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Thursday, February 28, 2008

how can I get out of being a reference?

A reader writes:

I know you tackled the reference for someone when you can't give a good reference, but I really felt that this might be something you've come across and you could provide a bit of insight.

I am a teacher for a local college. I teach part time to professionals upgrading their skills. I've had a student in a series of my classes approach me by email demanding (yes, I say demanding because it wasn't really a request) a reference from me regarding the course. Her wording is as follows: "Would you mind writing a reference letter for me that I can use for any positions I apply for? Please and thank you..." So I feel that this is not really a request at all.

Now, I don't have a problem with her attendance or her work, but I do have a problem being a reference for someone that 1. I don't like, 2. that has never worked with or for me, 3. that I don't trust, 4. that I believe to be a true shit-disturber in every sense of the word. While her class work was excellent, she failed to bond with people in the class and I was constantly receiving complaints about her attitude - she would lie to your face and back stab as soon as you walk away... So for me, this is a really hard thing to do.

I have given references to other students who have excelled in my classes so I can't even say it isn't a practice for me - which I wanted to say, but this woman overheard a conversation between myself and a past student who thanked me for the reference so I'm a little stuck.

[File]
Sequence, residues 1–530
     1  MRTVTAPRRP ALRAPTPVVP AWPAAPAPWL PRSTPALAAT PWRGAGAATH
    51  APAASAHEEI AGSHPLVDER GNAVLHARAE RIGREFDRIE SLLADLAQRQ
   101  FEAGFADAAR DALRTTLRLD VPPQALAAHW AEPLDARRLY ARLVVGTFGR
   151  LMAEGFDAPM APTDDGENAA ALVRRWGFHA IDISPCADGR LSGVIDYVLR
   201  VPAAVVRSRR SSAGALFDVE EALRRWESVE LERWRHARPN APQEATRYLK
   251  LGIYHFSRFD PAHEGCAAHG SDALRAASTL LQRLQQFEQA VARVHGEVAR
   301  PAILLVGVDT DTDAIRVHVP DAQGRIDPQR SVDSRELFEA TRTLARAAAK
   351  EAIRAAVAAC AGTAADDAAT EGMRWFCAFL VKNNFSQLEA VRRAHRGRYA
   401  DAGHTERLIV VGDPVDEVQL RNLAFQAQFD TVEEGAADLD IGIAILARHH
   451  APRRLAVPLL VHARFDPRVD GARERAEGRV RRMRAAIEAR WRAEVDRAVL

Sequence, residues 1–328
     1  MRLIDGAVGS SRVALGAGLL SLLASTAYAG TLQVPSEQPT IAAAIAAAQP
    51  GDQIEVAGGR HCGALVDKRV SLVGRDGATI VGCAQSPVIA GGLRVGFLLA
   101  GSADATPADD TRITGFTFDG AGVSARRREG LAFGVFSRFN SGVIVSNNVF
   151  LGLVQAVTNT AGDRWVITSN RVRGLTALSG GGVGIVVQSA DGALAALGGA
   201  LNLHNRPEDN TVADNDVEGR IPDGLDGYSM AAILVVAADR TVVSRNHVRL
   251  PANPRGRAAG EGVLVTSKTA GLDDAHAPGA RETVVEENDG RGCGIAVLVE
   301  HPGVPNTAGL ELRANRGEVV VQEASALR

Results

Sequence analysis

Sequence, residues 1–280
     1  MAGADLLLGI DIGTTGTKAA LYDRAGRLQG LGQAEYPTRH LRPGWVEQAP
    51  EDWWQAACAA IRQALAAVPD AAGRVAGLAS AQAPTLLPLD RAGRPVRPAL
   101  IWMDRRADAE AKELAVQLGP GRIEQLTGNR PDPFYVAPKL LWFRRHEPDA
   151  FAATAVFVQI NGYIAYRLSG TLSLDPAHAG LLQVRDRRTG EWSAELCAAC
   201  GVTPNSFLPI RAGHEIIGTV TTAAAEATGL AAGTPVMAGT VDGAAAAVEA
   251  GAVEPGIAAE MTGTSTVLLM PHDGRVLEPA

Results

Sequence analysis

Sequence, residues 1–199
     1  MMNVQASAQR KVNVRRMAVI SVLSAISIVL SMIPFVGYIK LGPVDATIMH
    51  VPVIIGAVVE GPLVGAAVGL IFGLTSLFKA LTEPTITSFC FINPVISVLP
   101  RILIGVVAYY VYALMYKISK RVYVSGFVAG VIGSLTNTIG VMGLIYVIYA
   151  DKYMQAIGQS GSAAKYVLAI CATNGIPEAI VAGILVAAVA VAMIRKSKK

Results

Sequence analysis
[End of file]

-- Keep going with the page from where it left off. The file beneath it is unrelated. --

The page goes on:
Her work in the class was good. She was never late for class and always had her homework problems with her go beyond the superficial...I would never refer her for any position because I wouldn't want what she stands for to come back to me.

I am trying to find a diplomatic way to say that I don't want to give her a reference - or I can provide a very barebones reference about her attendance and work in class...I just can't end the reference the way most letters are ended - with those words "I would refer..." or "I would hire..." because truly, I wouldn't.

You definitely shouldn't write a reference for someone you don't honestly feel you can recommend, and an inability to work well with others is a perfectly legitimate reason not to recommend someone. You have two choices in how you handle it:

1. You can tell a white lie: "I'm sorry but I'm overcommitted right now and can't add anything to my plate." or "I don't feel I have enough of a sense of you and your work to write a compelling letter, so I don't feel I'd be the best choice for this."

2. You can tell the truth: "Jill, to be honest with you, I wouldn't feel comfortable writing a letter of recommendation because I heard so many complaints from other class members who found you difficult to work with. I wish you the best of luck, but I can't in good faith write such a letter."

Number one is the safer and easier option, of course, and you should keep in mind that if you choose number two, you might have to deal with her complaining to the school administration. But I wish more people would choose number two, because, you know, honesty and all that. That said, I've chosen the easy way more than once in this situation.


Rachel - Employment File said...

How about, "I think you grades speak towards your work in my class. I'm not comfortable giving a reference beyond that."

The Engineer said...

How about "No."

No explanation.